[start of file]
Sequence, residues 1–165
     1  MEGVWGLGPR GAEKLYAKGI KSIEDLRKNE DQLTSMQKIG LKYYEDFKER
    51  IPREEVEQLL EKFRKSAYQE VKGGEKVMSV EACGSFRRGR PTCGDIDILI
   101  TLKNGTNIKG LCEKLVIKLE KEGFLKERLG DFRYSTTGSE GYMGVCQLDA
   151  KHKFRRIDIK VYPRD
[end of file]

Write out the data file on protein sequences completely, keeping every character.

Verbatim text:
Sequence, residues 1–165
     1  MEGVWGLGPR GAEKLYAKGI KSIEDLRKNE DQLTSMQKIG LKYYEDFKER
    51  IPREEVEQLL EKFRKSAYQE VKGGEKVMSV EACGSFRRGR PTCGDIDILI
   101  TLKNGTNIKG LCEKLVIKLE KEGFLKERLG DFRYSTTGSE GYMGVCQLDA
   151  KHKFRRIDIK VYPRD